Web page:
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VISIT the euro zone and you will be invigorated by gusts of reform. The “Save Italy” plan has done enough for Mario Monti, the prime minister, to declare, however prematurely, that the euro crisis is nearly over. In Spain Mariano Rajoy’s government has tackled the job market and is about to unveil a tight budget (see article). For all their troubles, Greeks know that the free-spending and tax-dodging are over. But one country has yet to face up to its changed circumstances. France is entering the final three weeks of its presidential campaign. The ranking of the first round, on April 22nd, remains highly uncertain, but the polls back François Hollande, the Socialist challenger, to win a second-round victory. Indeed, in elections since the euro crisis broke, almost all governments in the euro zone have been tossed out by voters. But Nicolas Sarkozy, the Gaullist president, has been clawing back ground. The recent terrorist atrocity in Toulouse has put new emphasis on security and Islamism, issues that tend to favour the right—or, in the shape of Marine Le Pen, the far right. Yet what is most striking about the French election is how little anybody is saying about the country’s dire economic straits (see article). The candidates dish out at least as many promises to spend more as to spend less. Nobody has a serious agenda for reducing France’s eye-watering taxes. Mr Sarkozy, who in 2007 promised reform with talk of a rupture, now offers voters protectionism, attacks on French tax exiles, threats to quit Europe’s passport-free Schengen zone and (at least before Toulouse) talk of the evils of immigration and halal meat. Mr Hollande promises to expand the state, creating 60,000 teaching posts, partially roll back Mr Sarkozy’s rise in the pension age from 60 to 62, and squeeze the rich (whom he once cheerfully said he did not like), with a 75% top income-tax rate. A plethora of problems France’s defenders point out that the country is hardly one of the euro zone’s Mediterranean basket cases. Unlike those economies, it should avoid recession this year. Although one ratings agency has stripped France of its AAA status, its borrowing costs remain far below Italy’s and Spain’s (though the spread above Germany’s has risen). France has enviable economic strengths: an educated and productive workforce, more big firms in the global Fortune 500 than any other European country, and strength in services and high-end manufacturing. However, the fundamentals are much grimmer. France has not balanced its books since 1974. Public debt stands at 90% of GDP and rising. Public spending, at 56% of GDP, gobbles up a bigger chunk of output than in any other euro-zone country—more even than in Sweden. The banks are undercapitalised. Unemployment is higher than at any time since the late 1990s and has not fallen below 7% in nearly 30 years, creating chronic joblessness in the crime-ridden banlieues that ring France’s big cities. Exports are stagnating while they roar ahead in Germany. France now has the euro zone’s largest current-account deficit in nominal terms. Perhaps France could live on credit before the financial crisis, when borrowing was easy. Not any more. Indeed, a sluggish and unreformed France might even find itself at the centre of the next euro crisis. Browse our slideshow guide to the leading candidates for the French presidency It is not unusual for politicians to avoid some ugly truths during elections; but it is unusual, in recent times in Europe, to ignore them as completely as French politicians are doing. In Britain, Ireland, Portugal and Spain voters have plumped for parties that promised painful realism. Part of the problem is that French voters are notorious for their belief in the state’s benevolence and the market’s heartless cruelty. Almost uniquely among developed countries, French voters tend to see globalisation as a blind threat rather than a source of prosperity. With the far left and the far right preaching protectionism, any candidate will feel he must shore up his base. Many business leaders cling to the hope that a certain worldly realism will emerge. The debate will tack back to the centre when Mr Sarkozy and Mr Hollande square off in the second round; and once elected, the new president will ditch his extravagant promises and pursue a sensible agenda of reform, like other European governments. But is that really possible? It would be hard for Mr Sarkozy suddenly to propose deep public-spending cuts, given all the things he has said. It would be harder still for Mr Hollande to drop his 75% tax rate. 1981 and all that Besides, there is a more worrying possibility than insincerity. The candidates may actually mean what they say. And with Mr Hollande, who after all is still the most likely victor, that could have dramatic consequences. The last time an untried Socialist candidate became president was in 1981. As a protégé of François Mitterrand, Mr Hollande will remember how things turned out for his mentor. Having nationalised swathes of industry and subjected the country to two devaluations and months of punishment by the markets, Mitterrand was forced into reverse. Mr Hollande’s defenders say he is a pragmatist with a more moderate programme than Mitterrand’s. His pension-age rollback applies only to a small set of workers; his 75% tax rate affects a tiny minority. Yet such policies indicate hostility to entrepreneurship and wealth creation and reflect the French Socialist Party’s failure to recognise that the world has changed since 1981, when capital controls were in place, the European single market was incomplete, young workers were less mobile and there was no single currency. Nor were France’s European rivals pursuing big reforms with today’s vigour. If Mr Hollande wins in May (and his party wins again at legislative elections in June), he may find he has weeks, not years, before investors start to flee France’s bond market. The numbers of well-off and young French people who hop across to Britain (and its 45% top income tax) could quickly increase. Even if Mr Sarkozy is re-elected, the risks will not disappear. He may not propose anything as daft as a 75% tax, but neither is he offering the radical reforms or the structural downsizing of spending that France needs. France’s picnickers are about to be swamped by harsh reality, no matter who is president. http://www.economist.com/node/21551478
America’s triple A rating is at risk By David Walker Published: May 12 2009 20:06 | Last updated: May 12 2009 20:06 Long before the current financial crisis, nearly two years ago, a little-noticed cloud darkened the horizon for the US government. It was ignored. But now that shadow, in the form of a warning from a top credit rating agency that the nation risked losing its triple A rating if it did not start putting its finances in order, is coming back to haunt us. That warning from Moody’s focused on the exploding healthcare and Social Security costs that threaten to engulf the federal government in debt over coming decades. The facts show we’re in even worse shape now, and there are signs that confidence in America’s ability to control its finances is eroding. Prices have risen on credit default insurance on US government bonds, meaning it costs investors more to protect their investment in Treasury bonds against default than before the crisis hit. It even, briefly, cost more to buy protection on US government debt than on debt issued by McDonald’s. Another warning sign has come from across the Pacific, where the Chinese premier and the head of the People’s Bank of China have expressed concern about America’s longer-term credit worthiness and the value of the dollar. The US, despite the downturn, has the resources, expertise and resilience to restore its economy and meet its obligations. Moreover, many of the trillions of dollars recently funnelled into the financial system will hopefully rescue it and stimulate our economy. The US government has had a triple A credit rating since 1917, but it is unclear how long this will continue to be the case. In my view, either one of two developments could be enough to cause us to lose our top rating. First, while comprehensive healthcare reform is needed, it must not further harm our nation’s financial condition. Doing so would send a signal that fiscal prudence is being ignored in the drive to meet societal wants, further mortgaging the country’s future. Second, failure by the federal government to create a process that would enable tough spending, tax and budget control choices to be made after we turn the corner on the economy would send a signal that our political system is not up to the task of addressing the large, known and growing structural imbalances confronting us. For too long, the US has delayed making the tough but necessary choices needed to reverse its deteriorating financial condition. One could even argue that our government does not deserve a triple A credit rating based on our current financial condition, structural fiscal imbalances and political stalemate. The credit rating agencies have been wildly wrong before, not least with mortgage-backed securities. How can one justify bestowing a triple A rating on an entity with an accumulated negative net worth of more than $11,000bn (€8,000bn, £7,000bn) and additional off-balance sheet obligations of $45,000bn? An entity that is set to run a $1,800bn-plus deficit for the current year and trillion dollar-plus deficits for years to come? I have fought on the front lines of the war for fiscal responsibility for almost six years. We should have been more wary of tax cuts in 2001 without matching spending cuts that would have prevented the budget going deeply into deficit. That mistake was compounded in 2003, when President George W. Bush proposed expanding Medicare to include a prescription drug benefit. We must learn from past mistakes. Fiscal irresponsibility comes in two primary forms – acts of commission and of omission. Both are in danger of undermining our future. First, Washington is about to embark on another major healthcare reform debate, this time over the need for comprehensive healthcare reform. The debate is driven, in large part, by the recognition that healthcare costs are the single largest contributor to our nation’s fiscal imbalance. It also recognises that the US is the only large industrialised nation without some level of guaranteed health coverage. There is no question that this nation needs to pursue comprehensive healthcare reform that should address the important dimensions of coverage, cost, quality and personal responsibility. But while comprehensive reform is called for and some basic level of universal coverage is appropriate, it is critically important that we not shoot ourselves again. Comprehensive healthcare reform should significantly reduce the huge unfunded healthcare promises we already have (over $36,000bn for Medicare alone as of last September), as well as the large and growing structural deficits that threaten our future. One way out of these problems is for the president and Congress to create a “fiscal future commission” where everything is on the table, including budget controls, entitlement programme reforms and tax increases. This commission should venture beyond Washington’s Beltway to engage the American people, using digital technologies in an unparalleled manner. If it can achieve a predetermined super-majority vote on a package of recommendations, they should be guaranteed a vote in Congress. Recent research conducted for the Peterson Foundation shows that 90 per cent of Americans want the federal government to put its own financial house in order. It also shows that the public supports the creation of a fiscal commission by a two-to-one margin. Yet Washington still sleeps, and it is clear that we cannot count on politicians to make tough transformational changes on multiple fronts using the regular legislative process. We have to act before we face a much larger economic crisis. Let’s not wait until a credit rating downgrade. The time for Washington to wake up is now. David Walker is chief executive of the Peter G. Peterson Foundation and former comptroller general of the US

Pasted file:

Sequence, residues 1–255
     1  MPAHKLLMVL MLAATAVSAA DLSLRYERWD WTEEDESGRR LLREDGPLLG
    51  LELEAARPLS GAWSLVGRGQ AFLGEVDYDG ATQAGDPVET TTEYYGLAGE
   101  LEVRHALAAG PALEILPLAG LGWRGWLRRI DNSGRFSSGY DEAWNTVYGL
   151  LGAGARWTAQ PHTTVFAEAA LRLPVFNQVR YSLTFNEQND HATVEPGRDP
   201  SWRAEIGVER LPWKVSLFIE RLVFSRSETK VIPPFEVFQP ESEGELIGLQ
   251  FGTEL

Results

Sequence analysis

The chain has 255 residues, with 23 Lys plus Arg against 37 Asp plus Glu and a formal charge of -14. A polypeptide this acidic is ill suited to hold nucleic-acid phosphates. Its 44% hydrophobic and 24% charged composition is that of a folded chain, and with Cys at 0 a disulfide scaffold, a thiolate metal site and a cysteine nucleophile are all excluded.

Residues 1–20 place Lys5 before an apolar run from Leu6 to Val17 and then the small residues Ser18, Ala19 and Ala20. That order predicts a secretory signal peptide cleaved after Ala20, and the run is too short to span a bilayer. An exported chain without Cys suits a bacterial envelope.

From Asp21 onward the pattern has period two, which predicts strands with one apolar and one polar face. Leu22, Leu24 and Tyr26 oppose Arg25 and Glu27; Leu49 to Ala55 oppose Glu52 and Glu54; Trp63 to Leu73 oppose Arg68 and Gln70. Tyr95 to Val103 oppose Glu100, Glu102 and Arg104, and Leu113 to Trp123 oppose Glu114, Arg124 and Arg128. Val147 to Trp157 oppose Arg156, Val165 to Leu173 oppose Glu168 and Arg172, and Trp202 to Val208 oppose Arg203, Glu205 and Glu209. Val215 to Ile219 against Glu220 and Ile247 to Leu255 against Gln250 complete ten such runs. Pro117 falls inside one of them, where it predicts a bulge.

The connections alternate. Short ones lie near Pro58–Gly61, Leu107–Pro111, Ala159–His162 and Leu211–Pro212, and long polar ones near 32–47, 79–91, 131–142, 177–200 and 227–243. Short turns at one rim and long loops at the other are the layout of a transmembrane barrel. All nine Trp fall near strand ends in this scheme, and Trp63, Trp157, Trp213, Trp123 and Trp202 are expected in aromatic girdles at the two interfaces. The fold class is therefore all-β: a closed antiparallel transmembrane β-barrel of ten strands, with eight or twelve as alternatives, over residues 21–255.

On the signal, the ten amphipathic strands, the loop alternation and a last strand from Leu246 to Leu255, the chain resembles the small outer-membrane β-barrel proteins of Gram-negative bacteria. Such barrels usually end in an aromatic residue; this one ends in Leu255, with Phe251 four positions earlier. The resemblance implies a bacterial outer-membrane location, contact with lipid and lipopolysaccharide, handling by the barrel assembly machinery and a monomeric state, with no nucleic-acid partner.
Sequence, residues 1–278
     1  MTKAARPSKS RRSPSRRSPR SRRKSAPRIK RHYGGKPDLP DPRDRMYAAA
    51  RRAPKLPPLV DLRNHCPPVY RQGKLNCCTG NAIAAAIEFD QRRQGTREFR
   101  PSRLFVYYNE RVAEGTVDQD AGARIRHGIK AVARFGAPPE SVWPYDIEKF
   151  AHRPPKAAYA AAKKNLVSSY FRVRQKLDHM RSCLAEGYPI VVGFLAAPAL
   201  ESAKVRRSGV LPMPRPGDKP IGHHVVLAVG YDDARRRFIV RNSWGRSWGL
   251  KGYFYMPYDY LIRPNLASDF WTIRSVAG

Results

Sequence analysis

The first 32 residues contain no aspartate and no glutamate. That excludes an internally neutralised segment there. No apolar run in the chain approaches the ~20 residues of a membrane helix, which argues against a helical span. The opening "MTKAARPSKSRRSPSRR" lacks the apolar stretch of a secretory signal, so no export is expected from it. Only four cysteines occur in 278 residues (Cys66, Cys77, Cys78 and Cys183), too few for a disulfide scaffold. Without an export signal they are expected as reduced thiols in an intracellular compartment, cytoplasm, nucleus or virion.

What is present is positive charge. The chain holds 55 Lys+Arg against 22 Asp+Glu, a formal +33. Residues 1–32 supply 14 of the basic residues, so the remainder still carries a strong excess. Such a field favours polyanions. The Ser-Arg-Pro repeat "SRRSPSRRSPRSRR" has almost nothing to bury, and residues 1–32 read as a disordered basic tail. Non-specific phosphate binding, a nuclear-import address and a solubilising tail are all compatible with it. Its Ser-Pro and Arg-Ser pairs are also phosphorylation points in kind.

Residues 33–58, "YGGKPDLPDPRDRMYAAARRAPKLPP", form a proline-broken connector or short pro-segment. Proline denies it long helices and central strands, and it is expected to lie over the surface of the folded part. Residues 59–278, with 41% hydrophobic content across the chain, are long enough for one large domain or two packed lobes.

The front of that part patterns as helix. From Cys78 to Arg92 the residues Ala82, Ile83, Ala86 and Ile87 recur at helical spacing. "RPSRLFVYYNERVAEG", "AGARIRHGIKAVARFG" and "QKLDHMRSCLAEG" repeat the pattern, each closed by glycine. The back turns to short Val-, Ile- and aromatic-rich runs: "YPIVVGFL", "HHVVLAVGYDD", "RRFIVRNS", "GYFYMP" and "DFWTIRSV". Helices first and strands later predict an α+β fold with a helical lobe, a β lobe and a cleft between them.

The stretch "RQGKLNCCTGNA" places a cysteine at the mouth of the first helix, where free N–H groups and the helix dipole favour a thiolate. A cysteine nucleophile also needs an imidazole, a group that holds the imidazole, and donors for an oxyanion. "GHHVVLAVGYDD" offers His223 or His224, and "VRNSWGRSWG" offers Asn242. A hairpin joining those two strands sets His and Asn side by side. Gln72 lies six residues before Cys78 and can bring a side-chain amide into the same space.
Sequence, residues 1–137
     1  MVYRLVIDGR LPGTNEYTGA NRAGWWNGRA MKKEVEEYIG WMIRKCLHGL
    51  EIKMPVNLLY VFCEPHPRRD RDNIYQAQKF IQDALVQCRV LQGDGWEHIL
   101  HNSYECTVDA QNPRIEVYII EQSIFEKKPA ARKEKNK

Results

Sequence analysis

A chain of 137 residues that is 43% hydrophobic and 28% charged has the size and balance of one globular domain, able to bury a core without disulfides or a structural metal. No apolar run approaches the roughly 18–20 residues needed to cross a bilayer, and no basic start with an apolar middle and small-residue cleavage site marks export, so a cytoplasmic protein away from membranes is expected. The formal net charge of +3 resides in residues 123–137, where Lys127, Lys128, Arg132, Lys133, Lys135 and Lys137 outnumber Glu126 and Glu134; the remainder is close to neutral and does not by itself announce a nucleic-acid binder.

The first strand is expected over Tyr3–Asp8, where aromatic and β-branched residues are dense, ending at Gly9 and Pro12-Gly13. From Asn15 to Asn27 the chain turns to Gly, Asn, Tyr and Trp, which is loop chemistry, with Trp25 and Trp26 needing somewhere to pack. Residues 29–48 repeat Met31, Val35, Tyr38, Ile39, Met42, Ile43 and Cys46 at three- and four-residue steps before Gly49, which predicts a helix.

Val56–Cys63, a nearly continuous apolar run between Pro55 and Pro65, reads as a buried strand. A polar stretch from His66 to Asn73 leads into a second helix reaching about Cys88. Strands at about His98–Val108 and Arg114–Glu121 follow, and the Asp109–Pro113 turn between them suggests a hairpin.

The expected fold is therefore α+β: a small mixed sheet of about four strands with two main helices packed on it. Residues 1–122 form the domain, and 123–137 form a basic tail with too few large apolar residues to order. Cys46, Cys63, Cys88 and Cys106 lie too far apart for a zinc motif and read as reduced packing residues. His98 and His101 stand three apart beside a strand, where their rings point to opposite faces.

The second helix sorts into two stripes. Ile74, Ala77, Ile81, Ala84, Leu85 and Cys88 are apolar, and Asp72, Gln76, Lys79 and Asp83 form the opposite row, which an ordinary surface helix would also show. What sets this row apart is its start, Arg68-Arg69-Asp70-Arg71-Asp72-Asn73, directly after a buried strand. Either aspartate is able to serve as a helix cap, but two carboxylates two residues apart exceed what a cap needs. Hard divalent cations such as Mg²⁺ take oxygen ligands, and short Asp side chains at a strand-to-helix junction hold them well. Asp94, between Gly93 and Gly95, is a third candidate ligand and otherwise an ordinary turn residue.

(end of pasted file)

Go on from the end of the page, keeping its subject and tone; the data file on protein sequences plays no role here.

Quebec opposes Harper proposals to alter Senate BILL CURRY From Thursday's Globe and Mail June 5, 2008 at 5:12 AM EDT OTTAWA — Quebec is threatening to haul Ottawa before the Supreme Court of Canada over what it believes are unconstitutional Senate reform measures proposed by the Harper government. Raising the ghost of the failed Meech Lake accord, Quebec Intergovernmental Affairs Minister Benoît Pelletier said the Senate reform proposed by Brian Mulroney in 1987 was preferable to Stephen Harper's two Senate reform bills, which require provincial residents to elect candidates from which Ottawa would pick. The Meech agreement gave provincial governments the power to fill Senate vacancies as an interim measure toward larger reform. Appearing before a House of Commons committee studying the proposed changes, Mr. Pelletier said the Meech model would be more in line with the Senate's original mandate to represent provincial interests. All three parties in Quebec's National Assembly oppose the two federal Senate reform bills and want them scrapped immediately, he said. Failing that, Mr. Pelletier said Ottawa should at least clear up questions of the measures' constitutionality with a reference to the Supreme Court. As a last resort, Quebec will consider taking the issue before Canada's highest court. "It's an option we have to look at," he said, pointing out that Quebec would not have joined Confederation had it not been for the assurance of a strong Senate voice. "It's an institution that goes to the heart of the federal compromise of 1867," Mr. Pelletier told MPs. The government legislation, known as Bill C-20, spells out a system in which elections would be held in each province to produce a list of names for the federal government to choose from in appointing senators to fill vacancies. It is separate from a second Conservative bill, C-19, which seeks to replace the current system where senators are appointed with term limits of eight years. Quebec's presentation in Ottawa on Senate changes took place the same week the province slammed the Harper government over its policies on climate change. Quebec Premier Jean Charest and Ontario Premier Dalton McGuinty announced they would be going it alone with a cap-and-trade system aimed at reducing greenhouse-gas emissions. The increasing polarization between Central Canada and the federal government is in contrast to recent developments in Western Canada. Premier Brad Wall's new conservative-minded Saskatchewan Party government recently said it hopes to introduce legislation this fall that would allow for provincial elections of Saskatchewan senators. The process would be similar to the one already in place in Alberta, which has already sent two elected senators to Ottawa. The NDP government in Manitoba is also moving in that direction, with plans to hold provincewide hearings to consult residents on how to elect senators. British Columbia Premier Gordon Campbell has said he'd prefer to see the Senate abolished, but could support Senate elections provided Ottawa pays for them. The one elected Alberta senator who is still in the second chamber, Bert Brown, has been touring provincial and territorial capitals to get others onside. Mr. Pelletier later told reporters that even if the Conservative bills go nowhere, Quebec's concerns could materialize if many other provinces start holding their own Senate elections to produce names from which the Prime Minister would choose. "That would completely change the Senate and would confirm our point," he said. "This reform is so important that it should follow the formal rules of the Constitution." http://www.theglobeandmail.com/servlet/story/RTGAM.20080605.wsenate05/BNStory/National/home